Chapter

Chapter 1: Developments in the World Economy

Author(s):
International Monetary Fund
Published Date:
September 1981
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Introduction

The world economic situation during 1980 and the first half of 1981 was difficult and disappointing in important respects. Nevertheless, signs of progress in dealing with some of the severe economic problems of recent years have begun to emerge. Both the encouraging aspects of the situation and the difficulties confronting national authorities, as well as the policies being utilized to meet those difficulties, are outlined in the following paragraphs and discussed more fully in later sections of this chapter, as well as in Chapter 2.

For the past two years, dominant characteristics of the world economic picture have included the continuation of inflation at very high rates in many countries; the marked slowing of growth in the industrial countries, resulting in high unemployment and a slowdown in world trade expansion; and external imbalances on current account that have been both extremely large—reflecting major changes in terms of trade—and unusually volatile for some individual countries. Sharply increased deficits on current account have generated financing problems for many countries. Although international flows of credit through private market channels have been remarkably well sustained, a number of the non-oil developing countries, particularly among those with low per capita incomes and limited access to capital markets, have not obtained enough financing to sustain the growth of imports needed to achieve satisfactory domestic development.

Among the industrial countries, the magnitude and rapid shifting of external imbalances on current account have contributed to exceptionally wide movements of exchange rates for major currencies. The complexity of pressures in exchange markets, as well as their variability, has been compounded by sharp differences among the industrial countries with respect to monetary conditions, interest rates, and rates of inflation, with unusually large capital movements having taken place. Changes in exchange rates of magnitudes not witnessed since the currency realignments of the early 1970s have resulted, and the instability of exchange rates, in turn, has added to the difficulties of domestic economic and financial management in some countries. Upward pressures on prices and wages have been intensified, in countries with sharply depreciating currencies, for example, while producers in some of the countries with markedly appreciating currencies have found their international competitive positions impaired.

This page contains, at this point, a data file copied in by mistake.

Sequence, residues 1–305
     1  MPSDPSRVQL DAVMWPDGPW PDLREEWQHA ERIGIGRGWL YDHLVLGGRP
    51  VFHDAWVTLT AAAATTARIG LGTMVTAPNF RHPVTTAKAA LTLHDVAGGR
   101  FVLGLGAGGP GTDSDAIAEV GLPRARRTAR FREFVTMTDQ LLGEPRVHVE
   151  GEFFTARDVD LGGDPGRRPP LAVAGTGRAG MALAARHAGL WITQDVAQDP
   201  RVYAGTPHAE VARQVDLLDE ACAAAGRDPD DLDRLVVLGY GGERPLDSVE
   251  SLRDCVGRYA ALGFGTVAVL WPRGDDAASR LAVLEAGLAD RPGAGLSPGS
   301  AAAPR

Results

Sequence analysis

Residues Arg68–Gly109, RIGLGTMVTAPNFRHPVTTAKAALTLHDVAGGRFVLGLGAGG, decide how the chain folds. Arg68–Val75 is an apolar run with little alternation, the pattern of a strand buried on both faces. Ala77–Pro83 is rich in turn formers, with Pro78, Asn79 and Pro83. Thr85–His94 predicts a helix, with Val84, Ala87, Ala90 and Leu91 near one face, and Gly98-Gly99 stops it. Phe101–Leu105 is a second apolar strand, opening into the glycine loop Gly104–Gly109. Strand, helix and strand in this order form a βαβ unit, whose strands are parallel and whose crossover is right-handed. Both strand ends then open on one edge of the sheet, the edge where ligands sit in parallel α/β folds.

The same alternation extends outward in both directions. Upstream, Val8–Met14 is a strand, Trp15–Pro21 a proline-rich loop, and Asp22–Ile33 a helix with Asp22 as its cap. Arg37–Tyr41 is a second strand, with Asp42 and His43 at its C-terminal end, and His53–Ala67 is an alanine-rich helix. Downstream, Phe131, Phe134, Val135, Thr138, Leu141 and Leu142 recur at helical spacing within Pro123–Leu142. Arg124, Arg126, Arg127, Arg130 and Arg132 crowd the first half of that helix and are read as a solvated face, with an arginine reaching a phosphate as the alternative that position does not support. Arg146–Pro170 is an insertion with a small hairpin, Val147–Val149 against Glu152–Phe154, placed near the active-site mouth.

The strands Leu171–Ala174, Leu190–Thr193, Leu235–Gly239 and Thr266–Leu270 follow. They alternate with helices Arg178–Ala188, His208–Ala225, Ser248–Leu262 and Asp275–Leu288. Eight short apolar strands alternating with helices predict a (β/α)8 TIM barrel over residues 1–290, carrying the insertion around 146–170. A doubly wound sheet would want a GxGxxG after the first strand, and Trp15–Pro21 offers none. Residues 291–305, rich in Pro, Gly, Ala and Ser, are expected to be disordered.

The prevalence of wide differences in rates of inflation, and in the particular actions of national authorities to deal with inflation, has underlain many of the exchange market pressures of recent years. Not infrequently, monetary policies deemed appropriate for domestic purposes have contributed to conditions in financial markets that were not conducive to short-term external equilibrium and orderly exchange markets. By the same token, monetary policies designed to give substantial weight to external objectives have sometimes threatened to produce unwanted domestic consequences. The authorities of some countries have felt themselves confronted by a dilemma when making decisions on policy objectives and means of implementation.

A particular source of uncertainty and international concern during 1980 and the first half of 1981 was the prevalence of very high rates of interest, in real as well as nominal terms. These interest rates resulted from the interaction of firmer monetary restraint in a number of the industrial countries with the momentum of the ongoing inflation after a long period of generally inadequate fiscal restraint. Although there are sound theoretical and practical reasons to anticipate a substantial decline in nominal interest rates when inflationary expectations subside, the absence of a reliable basis for gauging the timing of any such change in expectations has tended to maintain uncertainty about the prospects for interest rates.